Letter | Published:

Iridescent Clouds

Nature volume 31, pages 192193 | Download Citation



IN addition to the particulars given in NATURE for December 18, 1884 (p. 148) of the brilliantly-coloured clouds, the following observations made here may be interesting. They were visible every day from the 6th to the 13th instant, except it be on the 9th, and at all times of the day, but only strikingly noticeable near sunrise and sunset. The colours did not appear on them when they were very far from the sun, they then being simply white. I did not see any dark ones, as described by J. E. Clark; indeed they always struck me as being very thin, merely like a nearly flat sheet. They tended to be arranged in bands like “Noah's Arks,” and, while their texture was smoother than most cirrus clouds, they were more or less striated transversely. On some afternoons I noticed in many cases a feeble smoke-like prolongation, or tail, on the cast side of the cloud; this had no colouring. They had thus sometimes a striking resemblance to an aurora, differing essentially, however, in their real position being horizontal, while the auroral band and rays are almost vertical. Their direction also was quite different: on the 11th at 8.15 a.m., and 13th at 3.40 p.m. I noticed that the striæ pointed to east by south. In shape they approached parallelograms apparently; really, to rectangles; sometimes they were very perfect rectangles. One of the most striking clouds was, however, a perfect right-angled triangle in form. Their motion was very slow. Some time after sunset they were so bright as to give a material amount of light, and to make the dust-circle around the sun look quite dim. They were evidently at a great height, though they looked lower than the dust-wisps. They were incapable of producing an ordinary halo.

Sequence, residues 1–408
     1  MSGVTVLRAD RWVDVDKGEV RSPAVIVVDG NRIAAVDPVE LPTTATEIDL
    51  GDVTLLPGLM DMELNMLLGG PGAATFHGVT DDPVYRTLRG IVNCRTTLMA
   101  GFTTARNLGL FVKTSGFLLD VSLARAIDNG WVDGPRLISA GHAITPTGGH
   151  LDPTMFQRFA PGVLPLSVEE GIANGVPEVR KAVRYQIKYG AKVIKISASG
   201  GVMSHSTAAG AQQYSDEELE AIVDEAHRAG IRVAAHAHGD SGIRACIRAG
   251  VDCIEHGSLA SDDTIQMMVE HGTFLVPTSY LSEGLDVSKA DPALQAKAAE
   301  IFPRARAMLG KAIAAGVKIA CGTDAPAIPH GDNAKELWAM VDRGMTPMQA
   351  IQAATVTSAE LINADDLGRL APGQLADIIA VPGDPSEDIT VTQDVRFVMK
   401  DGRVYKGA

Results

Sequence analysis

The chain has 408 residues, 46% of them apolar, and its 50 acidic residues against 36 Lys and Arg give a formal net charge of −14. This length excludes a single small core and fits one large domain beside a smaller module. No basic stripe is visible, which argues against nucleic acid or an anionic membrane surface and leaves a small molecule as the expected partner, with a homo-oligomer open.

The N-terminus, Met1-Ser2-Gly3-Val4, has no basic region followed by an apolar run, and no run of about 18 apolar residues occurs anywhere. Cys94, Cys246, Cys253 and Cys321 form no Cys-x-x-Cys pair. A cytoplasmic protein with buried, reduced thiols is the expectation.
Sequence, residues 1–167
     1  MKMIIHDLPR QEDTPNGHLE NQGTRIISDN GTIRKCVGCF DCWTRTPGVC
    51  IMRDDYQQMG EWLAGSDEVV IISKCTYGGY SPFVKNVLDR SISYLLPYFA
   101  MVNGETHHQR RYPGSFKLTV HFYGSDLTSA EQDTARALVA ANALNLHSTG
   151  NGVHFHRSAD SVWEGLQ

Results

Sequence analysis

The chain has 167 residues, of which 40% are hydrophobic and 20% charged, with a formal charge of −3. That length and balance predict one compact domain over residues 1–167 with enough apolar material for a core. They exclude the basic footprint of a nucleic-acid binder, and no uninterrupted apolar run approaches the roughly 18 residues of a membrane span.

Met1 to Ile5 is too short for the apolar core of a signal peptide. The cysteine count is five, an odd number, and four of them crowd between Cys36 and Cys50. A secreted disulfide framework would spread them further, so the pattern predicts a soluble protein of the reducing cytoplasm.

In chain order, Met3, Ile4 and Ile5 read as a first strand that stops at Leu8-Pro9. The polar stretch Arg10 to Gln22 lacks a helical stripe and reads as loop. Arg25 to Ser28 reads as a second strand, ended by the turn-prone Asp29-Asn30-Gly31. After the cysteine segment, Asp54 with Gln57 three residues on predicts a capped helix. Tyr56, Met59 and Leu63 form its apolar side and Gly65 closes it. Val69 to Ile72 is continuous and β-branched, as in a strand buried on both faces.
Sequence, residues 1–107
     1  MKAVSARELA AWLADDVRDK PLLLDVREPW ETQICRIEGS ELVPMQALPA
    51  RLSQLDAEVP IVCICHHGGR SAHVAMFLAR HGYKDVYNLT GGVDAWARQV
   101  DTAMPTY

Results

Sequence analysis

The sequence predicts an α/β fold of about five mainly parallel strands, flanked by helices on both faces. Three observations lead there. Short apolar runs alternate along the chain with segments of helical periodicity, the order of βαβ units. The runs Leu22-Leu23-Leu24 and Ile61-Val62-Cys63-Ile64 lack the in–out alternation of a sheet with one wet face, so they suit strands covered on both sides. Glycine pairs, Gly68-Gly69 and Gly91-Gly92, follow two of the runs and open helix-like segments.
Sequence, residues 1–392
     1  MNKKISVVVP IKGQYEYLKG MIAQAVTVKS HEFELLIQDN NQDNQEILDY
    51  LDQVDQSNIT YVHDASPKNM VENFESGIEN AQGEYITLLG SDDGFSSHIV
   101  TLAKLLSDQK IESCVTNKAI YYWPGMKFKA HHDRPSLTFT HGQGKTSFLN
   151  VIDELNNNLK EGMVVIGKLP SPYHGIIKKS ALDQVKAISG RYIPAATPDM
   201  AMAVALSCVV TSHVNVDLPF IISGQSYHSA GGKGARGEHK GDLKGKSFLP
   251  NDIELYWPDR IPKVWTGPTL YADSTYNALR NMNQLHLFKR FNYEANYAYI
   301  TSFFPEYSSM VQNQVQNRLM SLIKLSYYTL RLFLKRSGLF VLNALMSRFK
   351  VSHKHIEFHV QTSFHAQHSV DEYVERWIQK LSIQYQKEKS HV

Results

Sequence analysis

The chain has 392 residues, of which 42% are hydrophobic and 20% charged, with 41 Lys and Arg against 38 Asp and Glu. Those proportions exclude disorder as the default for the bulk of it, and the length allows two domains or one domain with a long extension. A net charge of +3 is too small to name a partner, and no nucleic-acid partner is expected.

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  1. Sunderland, December 22, 1884



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